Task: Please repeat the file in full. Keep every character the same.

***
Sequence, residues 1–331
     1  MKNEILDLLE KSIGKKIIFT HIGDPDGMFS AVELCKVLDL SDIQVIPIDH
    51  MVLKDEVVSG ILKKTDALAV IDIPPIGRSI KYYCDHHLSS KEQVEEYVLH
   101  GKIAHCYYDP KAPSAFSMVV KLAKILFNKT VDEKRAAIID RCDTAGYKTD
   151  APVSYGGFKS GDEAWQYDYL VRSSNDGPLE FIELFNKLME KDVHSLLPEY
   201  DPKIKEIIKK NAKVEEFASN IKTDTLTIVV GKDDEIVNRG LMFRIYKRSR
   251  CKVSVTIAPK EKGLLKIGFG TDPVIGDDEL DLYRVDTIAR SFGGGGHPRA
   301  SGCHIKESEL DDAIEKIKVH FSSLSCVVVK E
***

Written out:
Sequence, residues 1–331
     1  MKNEILDLLE KSIGKKIIFT HIGDPDGMFS AVELCKVLDL SDIQVIPIDH
    51  MVLKDEVVSG ILKKTDALAV IDIPPIGRSI KYYCDHHLSS KEQVEEYVLH
   101  GKIAHCYYDP KAPSAFSMVV KLAKILFNKT VDEKRAAIID RCDTAGYKTD
   151  APVSYGGFKS GDEAWQYDYL VRSSNDGPLE FIELFNKLME KDVHSLLPEY
   201  DPKIKEIIKK NAKVEEFASN IKTDTLTIVV GKDDEIVNRG LMFRIYKRSR
   251  CKVSVTIAPK EKGLLKIGFG TDPVIGDDEL DLYRVDTIAR SFGGGGHPRA
   301  SGCHIKESEL DDAIEKIKVH FSSLSCVVVK E